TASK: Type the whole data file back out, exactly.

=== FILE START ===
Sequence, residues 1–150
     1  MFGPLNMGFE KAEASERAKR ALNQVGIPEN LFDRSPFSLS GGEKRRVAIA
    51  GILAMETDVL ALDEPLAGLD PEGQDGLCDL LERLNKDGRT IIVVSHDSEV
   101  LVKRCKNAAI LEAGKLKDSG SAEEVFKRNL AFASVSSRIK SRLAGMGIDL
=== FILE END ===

Sequence, residues 1–150
     1  MFGPLNMGFE KAEASERAKR ALNQVGIPEN LFDRSPFSLS GGEKRRVAIA
    51  GILAMETDVL ALDEPLAGLD PEGQDGLCDL LERLNKDGRT IIVVSHDSEV
   101  LVKRCKNAAI LEAGKLKDSG SAEEVFKRNL AFASVSSRIK SRLAGMGIDL